Abstract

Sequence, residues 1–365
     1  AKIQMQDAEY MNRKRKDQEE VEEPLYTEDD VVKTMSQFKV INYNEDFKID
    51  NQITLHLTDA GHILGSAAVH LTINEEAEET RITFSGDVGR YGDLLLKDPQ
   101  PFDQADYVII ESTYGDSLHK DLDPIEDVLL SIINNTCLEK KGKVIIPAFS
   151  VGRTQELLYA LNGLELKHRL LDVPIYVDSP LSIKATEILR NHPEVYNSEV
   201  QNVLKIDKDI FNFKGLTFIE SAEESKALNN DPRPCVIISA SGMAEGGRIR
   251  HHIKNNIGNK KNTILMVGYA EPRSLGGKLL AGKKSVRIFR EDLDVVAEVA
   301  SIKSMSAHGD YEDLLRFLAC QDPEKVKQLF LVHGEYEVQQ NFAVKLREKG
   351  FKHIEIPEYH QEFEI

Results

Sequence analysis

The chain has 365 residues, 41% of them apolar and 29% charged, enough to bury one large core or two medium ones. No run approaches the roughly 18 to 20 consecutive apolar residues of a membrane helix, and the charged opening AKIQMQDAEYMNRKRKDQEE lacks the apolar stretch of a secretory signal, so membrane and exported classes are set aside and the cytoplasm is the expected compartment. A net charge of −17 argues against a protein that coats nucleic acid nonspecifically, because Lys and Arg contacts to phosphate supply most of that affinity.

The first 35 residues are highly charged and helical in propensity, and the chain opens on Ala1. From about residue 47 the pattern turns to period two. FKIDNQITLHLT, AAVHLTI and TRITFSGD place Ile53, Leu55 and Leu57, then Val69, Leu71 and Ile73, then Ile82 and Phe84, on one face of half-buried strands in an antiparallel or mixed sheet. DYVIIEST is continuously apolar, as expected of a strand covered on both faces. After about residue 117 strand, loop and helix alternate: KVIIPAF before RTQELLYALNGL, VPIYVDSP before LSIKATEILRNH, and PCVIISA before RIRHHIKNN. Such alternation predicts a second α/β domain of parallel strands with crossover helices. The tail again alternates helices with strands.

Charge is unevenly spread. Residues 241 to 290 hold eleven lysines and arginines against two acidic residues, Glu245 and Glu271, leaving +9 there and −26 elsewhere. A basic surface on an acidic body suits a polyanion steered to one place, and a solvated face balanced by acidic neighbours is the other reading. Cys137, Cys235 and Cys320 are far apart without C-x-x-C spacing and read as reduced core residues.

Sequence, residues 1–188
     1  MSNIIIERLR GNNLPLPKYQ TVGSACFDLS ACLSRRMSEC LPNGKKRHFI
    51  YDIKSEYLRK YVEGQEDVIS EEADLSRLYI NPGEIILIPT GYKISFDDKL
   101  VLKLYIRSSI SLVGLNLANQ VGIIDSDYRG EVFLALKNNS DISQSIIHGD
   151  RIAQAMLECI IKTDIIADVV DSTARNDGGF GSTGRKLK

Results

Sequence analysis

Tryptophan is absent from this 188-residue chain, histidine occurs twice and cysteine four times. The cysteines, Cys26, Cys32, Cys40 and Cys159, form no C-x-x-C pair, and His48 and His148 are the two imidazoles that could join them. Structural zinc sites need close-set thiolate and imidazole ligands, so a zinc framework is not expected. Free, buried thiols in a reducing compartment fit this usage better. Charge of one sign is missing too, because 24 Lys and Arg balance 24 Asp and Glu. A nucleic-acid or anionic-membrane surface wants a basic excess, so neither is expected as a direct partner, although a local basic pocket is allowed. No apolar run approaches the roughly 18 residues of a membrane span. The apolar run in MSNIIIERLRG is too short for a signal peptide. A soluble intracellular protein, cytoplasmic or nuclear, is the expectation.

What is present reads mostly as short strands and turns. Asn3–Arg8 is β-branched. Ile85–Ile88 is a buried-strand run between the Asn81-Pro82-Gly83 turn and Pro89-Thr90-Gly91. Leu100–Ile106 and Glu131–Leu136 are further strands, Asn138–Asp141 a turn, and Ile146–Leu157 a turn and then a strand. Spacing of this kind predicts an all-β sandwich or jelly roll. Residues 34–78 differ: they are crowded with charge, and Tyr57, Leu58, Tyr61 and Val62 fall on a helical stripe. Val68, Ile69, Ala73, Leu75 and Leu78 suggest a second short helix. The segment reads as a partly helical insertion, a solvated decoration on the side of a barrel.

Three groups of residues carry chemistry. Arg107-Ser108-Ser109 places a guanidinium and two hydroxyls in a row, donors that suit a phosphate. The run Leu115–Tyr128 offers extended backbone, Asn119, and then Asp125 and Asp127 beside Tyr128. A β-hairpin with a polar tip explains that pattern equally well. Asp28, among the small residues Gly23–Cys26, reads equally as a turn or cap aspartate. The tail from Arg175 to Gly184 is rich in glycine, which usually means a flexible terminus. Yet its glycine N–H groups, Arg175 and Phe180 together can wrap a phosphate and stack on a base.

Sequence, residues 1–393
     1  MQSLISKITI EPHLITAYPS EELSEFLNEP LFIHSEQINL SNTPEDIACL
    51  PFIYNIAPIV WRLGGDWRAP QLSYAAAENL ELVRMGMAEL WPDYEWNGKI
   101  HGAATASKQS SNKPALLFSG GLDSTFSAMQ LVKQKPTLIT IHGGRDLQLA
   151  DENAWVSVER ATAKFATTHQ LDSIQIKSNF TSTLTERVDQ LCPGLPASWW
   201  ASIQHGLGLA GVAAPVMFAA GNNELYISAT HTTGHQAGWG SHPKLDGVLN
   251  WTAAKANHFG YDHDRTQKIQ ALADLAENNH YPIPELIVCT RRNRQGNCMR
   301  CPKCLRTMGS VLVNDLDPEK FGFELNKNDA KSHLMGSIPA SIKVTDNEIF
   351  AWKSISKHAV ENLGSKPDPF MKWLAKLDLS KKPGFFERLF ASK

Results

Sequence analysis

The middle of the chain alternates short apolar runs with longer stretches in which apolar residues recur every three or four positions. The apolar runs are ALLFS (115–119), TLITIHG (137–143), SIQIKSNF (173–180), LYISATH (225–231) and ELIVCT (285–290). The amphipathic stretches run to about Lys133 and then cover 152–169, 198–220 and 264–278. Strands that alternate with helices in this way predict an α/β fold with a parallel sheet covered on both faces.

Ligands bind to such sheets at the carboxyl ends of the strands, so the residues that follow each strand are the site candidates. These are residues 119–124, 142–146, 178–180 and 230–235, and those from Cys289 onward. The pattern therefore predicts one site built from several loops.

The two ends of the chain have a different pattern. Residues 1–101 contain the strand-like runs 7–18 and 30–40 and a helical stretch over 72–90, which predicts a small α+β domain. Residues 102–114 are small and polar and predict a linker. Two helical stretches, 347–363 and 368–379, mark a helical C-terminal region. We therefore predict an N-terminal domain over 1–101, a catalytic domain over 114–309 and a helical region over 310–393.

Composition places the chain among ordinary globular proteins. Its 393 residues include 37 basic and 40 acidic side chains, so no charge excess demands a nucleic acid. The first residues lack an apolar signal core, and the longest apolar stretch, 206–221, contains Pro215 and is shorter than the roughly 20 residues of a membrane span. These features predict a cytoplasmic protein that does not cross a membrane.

In continental environment, the lack of stratigraphic support generate a problem to establish chronological sequences. Therefore, the bio-chronology of the European continental Palaeogene, has been early based on phylogenetic hypotheses resulting from studies on mammalian evolutionary lineages as well as associated faunal events (first appearance datum [FAD] and last appearance datum [LAD] taxa). A few years ago, some methods have been developed to formalize and quantify the chronological time span between mammalian localities, and to establish their relative time succession. This paper proposes a brief analysis of three quantitative biochronology methods (Martinez, Guex, and Hooker Methods) applied to mammalian faunas from western Europe of the late Eocene-Oligocene period. Whereas palaeoenvironnemental changes affect generally the results obtained with the method based only on the occurrence/non-occurrence taxa (Hooker), the use of evolutionary stages in several lineages appears more reliable (Martinez, Guex). Phenetical approaches cannot be applied to problems of relative dating.

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